By Barry Neenan
After a mere [checks Wikipedia] twenty – twenty?! good god – feature length-films, the Marvel Cinematic Universe has gone where it never has before; Woman Town. Population: A Woman.
Yes, following fifteen films about white dudes, two films about a literally very colorful band of misfits but mostly Chris Pratt, one film with Evangeline Lilly in the title but mostly about Paul Rudd, the similarly long-awaited Black Panther, and one film about a stupid purple idiot, it is at last time for Marvel to put one of its many powerful heroines firmly in the spotlight. What are the results?
I’d like to say this was as excellent as Black Panther, but in all honesty, it’s not quite on that level. There’s only one major flaw with Captain Marvel, but tragically, it’s a big one. Even more tragically, it’s gonna be real hard for me to put into words.
Okay. So. Y’know how Iron Man is so graceful in how he flies and shoots dudes with his palm-lasers? Or how Spiderman has those nifty finger gestures as his webshooters go thwip-thwip? Or how Captain America can throw his shield and miss but it bounces off three separate walls and whacks the back of a guy’s head?
I’ve long believed that what truly sells the Marvel films, on an immediate level, is their high-quality sense of kinaesthetics. Major characters have distinct, memorable ways of moving. Hell, you’ve doubtlessly forgotten Crossbones’ brief appearance at the start of Civil War. But I remember his cool punch-gauntlets that he locked into place with a fistpump. That kind of visual identity is very important.
Captain Marvel kind of falters in this wordless ‘oomph’ department. The actual motions and colours are very good, but the action itself lacks that spark that you feel in your gut. I would’ve said this was a highly personal thing, except I’ve confirmed with other viewers they also felt it was missing.
Again, it’s hard to (verbally) explore this, and what might have went wrong. It might be the fact that the action mostly involves aliens of dubious durability. Brutal stuff happens to a character, and then within a minute they’re up and swinging again. It’s hard to mentally gauge how hard the hits are.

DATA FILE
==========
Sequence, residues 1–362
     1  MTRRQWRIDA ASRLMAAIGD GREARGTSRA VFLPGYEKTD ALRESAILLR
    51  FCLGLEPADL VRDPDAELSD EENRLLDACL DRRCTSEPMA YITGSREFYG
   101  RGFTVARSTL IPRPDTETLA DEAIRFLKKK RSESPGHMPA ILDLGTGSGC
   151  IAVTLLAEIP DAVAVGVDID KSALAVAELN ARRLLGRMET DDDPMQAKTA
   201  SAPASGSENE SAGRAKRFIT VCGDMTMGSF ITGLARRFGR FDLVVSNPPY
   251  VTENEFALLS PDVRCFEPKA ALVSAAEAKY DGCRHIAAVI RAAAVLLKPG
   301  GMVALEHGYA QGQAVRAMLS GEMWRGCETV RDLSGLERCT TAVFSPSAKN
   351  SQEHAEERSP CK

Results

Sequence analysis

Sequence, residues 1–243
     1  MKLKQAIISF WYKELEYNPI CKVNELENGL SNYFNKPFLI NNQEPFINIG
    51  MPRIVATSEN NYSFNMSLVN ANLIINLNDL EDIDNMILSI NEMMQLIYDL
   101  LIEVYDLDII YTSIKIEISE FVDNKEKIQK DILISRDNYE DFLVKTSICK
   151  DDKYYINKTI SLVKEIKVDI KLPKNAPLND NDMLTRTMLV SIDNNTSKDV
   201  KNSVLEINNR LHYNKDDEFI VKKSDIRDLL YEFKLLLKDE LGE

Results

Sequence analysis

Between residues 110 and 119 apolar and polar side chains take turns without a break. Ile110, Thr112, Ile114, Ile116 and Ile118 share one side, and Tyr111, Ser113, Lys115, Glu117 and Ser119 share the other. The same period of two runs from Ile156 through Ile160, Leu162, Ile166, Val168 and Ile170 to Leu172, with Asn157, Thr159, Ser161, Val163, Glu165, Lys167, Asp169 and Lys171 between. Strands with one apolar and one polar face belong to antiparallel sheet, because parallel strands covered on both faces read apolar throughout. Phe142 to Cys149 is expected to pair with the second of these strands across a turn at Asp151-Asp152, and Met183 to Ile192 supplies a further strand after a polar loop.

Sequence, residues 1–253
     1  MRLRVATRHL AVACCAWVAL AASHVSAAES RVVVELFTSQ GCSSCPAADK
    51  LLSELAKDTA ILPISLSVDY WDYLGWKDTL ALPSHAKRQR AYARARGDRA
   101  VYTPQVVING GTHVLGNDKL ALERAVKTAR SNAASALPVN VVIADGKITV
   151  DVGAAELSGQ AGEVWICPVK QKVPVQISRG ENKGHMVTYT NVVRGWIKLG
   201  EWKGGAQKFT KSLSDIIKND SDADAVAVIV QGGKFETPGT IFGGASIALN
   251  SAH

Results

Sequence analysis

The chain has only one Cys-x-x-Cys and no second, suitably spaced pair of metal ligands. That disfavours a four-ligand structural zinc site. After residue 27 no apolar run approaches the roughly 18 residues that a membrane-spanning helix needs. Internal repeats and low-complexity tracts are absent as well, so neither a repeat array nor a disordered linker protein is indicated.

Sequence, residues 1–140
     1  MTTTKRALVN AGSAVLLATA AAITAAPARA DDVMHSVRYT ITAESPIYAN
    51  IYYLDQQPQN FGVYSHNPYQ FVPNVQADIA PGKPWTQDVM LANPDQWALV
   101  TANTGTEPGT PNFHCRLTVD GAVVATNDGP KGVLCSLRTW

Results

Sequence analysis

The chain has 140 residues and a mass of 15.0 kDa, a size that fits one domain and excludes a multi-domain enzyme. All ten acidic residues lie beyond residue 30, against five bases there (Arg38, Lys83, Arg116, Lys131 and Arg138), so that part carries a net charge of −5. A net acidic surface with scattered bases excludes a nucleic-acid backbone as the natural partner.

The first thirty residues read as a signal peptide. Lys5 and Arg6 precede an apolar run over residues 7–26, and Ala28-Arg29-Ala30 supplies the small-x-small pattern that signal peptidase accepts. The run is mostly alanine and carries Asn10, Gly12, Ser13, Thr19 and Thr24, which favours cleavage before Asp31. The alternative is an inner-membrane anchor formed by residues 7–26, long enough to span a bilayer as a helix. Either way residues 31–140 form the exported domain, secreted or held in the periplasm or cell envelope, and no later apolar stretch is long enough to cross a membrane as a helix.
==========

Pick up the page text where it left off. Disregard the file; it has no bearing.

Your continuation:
So that’s the major shortcoming. What are the good parts? Pretty much everything else, honestly.
We open on a poorly-lit shootout between aliens, but before long we have transitioned to Earth… of the year 1995. (A fine year for babies.) The recreation of the nineties aesthetic is equal parts hilarious and impressive, to say nothing of the frankly sorcerous good looks of Samuel L. Jackson. Was that even computers? Is he just like that?
Dubious immortality notwithstanding, Jackson is a huge part of what makes the film work. After several appearances as the grumpy and paranoid Director of SHIELD, it’s refreshing to see him with his (proverbial) hair down as a younger, breezier agent. The dynamic between Fury and our heroine is wonderful. Their friendship grows believably, partly because they eschew the deadpan patter so many films and shows reproduce. When one says something funny, the other laughs. That might sound like a small thing, but it goes so far in making both characters seem real.
Despite their closeness, however, the film does not nail Fury into place as The Love Interest. Jude Law’s alien mentor, despite an early scene of where Carol wakes him up to spar, is also not The Love Interest. The Love Interest, in a very real and practical way, is Maria Rambeau (Lashana Lynch), Carol’s best friend and co-pilot. The bond between them is strong and palpable, with Carol serving as an ‘aunt’ to Maria’s child. Whether you interpret two women raising a child together as Just Gals Being Pals, or that they’re lesbians, Harold, the fact remains that this is new ground for the frequently stilted and forced heterosexual romances in these movies. Worth celebrating either way.
I’d also like to praise the depiction of the Skrulls. The classic alien shapeshifters have been well-realized on the big screen. I won’t go too much into detail on it, but suffice to say I definitely appreciate the direction taken.
On a final, but vital, note: over the past eleven years, there has been a long-running tendency to name the funniest character concept in each successive film ‘the best character in the MCU’. Tony’s arm-robot Dummy. The Guardians of the Galaxy’s greatest foe, Taserface. The lovable rockman revolutionary with the Kiwi accent, Korg.
But all that said,
the best character in the MCU.